Last week, Amazon paid me in RV gear instead of money.
Well, not exactly. Amazon paid me about $550 as usual, and I turned around and spent that $550 back at Amazon, buying the solar suitcase kit and LED lightbulbs I wanted for boondocking this winter as well as Marine-Tex putty, a carbon monoxide detector, and a new converter.
First the solar stuff.
This will be my first long term off-grid experience in the Casita and I don’t really know how much power I’m going to end up needing/wanting. I didn’t want to spend a lot of money and then figure out I don’t like boondocking and have it all go to waste and I didn’t want to drill holes in the roof of the Casita or do any other modifications.
With those two thoughts in mind, I did some research and found multiple bloggers and forum aficionados who endorsed the Renogy brand suitcase kit. The 100 watt kit is affordable at $250 (as of this posting), and has everything a person needs to get started. For those who are electric-savvy and don’t mind putting their own system together from scratch, I’m sure there are more energy efficient and better optimized options out there, but for someone like me who wants to keep costs and effort at a minimum, it seemed like the best deal.
I know you’re all chomping at the bit to know how well the panel performs, the truth is I’m not sure yet.
It’s not a hard “install”, if you even want to grace the initial setup of the panel with that term. The solar panel is split in half (panel part on the outside) and folds up like a suitcase, with the charge controller mounted to the underside (inside, when folded). A little cloth bag is inside the “suitcase” that has the wires that hook up to the RV battery with alligator clips. The other end of those wires need to be connected to the panel assembly before you use it for the first time. I think the copper filaments that are exposed on the end need to be screwed down to terminals on either the panel itself or the charge controller – haven’t looked at it real closely yet but it doesn’t seem difficult. Note: while the panel is waterproof the charge controller is not, so the kit needs to be put away when rain is in the forecast.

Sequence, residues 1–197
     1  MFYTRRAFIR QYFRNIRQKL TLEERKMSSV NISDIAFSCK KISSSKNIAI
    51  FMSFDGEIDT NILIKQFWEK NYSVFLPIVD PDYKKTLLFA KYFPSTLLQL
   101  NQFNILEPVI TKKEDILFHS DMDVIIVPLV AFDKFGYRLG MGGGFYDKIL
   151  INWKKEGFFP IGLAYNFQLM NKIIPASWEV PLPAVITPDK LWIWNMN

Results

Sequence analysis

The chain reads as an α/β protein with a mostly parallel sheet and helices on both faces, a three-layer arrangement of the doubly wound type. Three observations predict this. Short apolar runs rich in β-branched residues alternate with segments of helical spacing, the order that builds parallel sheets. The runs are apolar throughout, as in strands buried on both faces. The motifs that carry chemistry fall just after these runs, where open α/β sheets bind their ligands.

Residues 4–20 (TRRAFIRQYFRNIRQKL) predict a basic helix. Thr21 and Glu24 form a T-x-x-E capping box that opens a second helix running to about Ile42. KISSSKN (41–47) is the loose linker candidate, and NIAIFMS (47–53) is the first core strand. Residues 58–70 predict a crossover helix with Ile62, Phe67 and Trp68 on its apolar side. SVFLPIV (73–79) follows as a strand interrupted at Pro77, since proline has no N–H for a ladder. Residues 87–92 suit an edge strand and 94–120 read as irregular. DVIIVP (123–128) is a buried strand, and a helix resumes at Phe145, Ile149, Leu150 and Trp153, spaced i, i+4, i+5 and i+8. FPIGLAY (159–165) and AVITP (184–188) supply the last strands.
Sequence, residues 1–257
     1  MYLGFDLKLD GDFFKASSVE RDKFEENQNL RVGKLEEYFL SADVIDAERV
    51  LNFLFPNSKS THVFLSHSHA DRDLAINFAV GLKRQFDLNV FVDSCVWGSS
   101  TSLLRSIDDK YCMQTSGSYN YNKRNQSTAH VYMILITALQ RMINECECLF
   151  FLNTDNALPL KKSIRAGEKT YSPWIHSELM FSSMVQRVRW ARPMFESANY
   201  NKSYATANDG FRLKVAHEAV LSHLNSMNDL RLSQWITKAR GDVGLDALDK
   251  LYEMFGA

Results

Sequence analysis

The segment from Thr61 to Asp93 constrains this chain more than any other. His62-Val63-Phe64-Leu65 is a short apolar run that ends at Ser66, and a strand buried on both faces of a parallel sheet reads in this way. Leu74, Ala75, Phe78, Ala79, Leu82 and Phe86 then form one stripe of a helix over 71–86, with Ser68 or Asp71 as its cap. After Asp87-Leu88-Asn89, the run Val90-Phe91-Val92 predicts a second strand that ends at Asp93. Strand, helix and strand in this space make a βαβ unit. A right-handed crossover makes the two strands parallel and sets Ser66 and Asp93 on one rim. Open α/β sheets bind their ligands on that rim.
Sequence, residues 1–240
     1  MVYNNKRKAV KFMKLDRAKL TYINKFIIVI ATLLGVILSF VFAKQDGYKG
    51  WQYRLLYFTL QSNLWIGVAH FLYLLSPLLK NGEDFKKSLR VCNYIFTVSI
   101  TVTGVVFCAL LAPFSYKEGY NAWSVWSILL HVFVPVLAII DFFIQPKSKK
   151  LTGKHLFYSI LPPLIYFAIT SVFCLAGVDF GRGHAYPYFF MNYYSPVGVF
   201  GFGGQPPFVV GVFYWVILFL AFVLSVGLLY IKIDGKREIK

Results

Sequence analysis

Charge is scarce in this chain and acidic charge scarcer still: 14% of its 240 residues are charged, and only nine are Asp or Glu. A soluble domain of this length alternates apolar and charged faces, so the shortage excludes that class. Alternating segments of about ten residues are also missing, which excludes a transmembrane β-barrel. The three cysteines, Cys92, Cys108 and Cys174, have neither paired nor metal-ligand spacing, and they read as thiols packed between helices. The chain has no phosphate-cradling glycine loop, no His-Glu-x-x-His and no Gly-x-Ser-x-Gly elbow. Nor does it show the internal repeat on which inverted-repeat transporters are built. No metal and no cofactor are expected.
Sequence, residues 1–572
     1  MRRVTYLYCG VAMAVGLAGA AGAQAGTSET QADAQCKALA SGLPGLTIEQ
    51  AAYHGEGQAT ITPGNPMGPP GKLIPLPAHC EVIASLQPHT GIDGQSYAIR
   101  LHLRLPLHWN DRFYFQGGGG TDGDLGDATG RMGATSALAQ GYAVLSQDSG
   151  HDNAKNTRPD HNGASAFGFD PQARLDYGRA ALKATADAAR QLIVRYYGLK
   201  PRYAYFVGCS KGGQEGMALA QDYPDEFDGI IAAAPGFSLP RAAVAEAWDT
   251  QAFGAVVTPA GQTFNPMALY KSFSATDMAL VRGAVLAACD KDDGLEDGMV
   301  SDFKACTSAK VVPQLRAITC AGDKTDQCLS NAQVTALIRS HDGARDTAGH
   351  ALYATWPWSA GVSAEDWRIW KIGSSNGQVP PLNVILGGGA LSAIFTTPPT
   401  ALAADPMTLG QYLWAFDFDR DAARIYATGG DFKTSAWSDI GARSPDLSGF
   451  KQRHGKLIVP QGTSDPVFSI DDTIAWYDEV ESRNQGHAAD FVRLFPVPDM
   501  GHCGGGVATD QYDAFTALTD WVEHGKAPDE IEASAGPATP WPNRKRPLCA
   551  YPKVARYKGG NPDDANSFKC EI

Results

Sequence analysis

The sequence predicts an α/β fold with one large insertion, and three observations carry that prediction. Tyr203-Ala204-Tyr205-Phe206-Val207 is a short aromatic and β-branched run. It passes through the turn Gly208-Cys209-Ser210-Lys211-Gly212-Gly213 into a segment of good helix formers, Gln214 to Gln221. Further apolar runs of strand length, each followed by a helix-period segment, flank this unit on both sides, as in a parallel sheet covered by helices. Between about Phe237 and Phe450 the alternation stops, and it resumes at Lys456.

The charge controller also needs to be set up before it can be used the first time, and I have heard the occasional grumble in reviews and on forums that the directions aren’t super helpful, it’s probably the most common complaint I’ve seen. Luckily enough people have these where you can find directions on other reviews on Amazon, a lot of other Casita owners on the forum I’m a part of have this kit too and they’ve posted better directions there as well.
Once the charge controller is set up and the wires are connected to the panel, it’s ready to go. Just unfold, secure the legs, set in direct sunlight, and make sure you attach the correct alligator clip to the correct battery terminal so that nothing gets damaged.
The problem, and I knew this long before I ordered the panel, is that the battery compartment in a Casita is extremely cramped. The alligator clips are big and unwieldy, and they won’t fit inside the the compartment well. A couple months ago I contacted Little House Customs to set up an appointment to get work done on the Casita after Amazon was over, and I included attaching Anderson clips to the terminals of my battery to the list of things I wanted done. Larry has done this simple modification to several Casitas to make it easier to use these portable solar kits.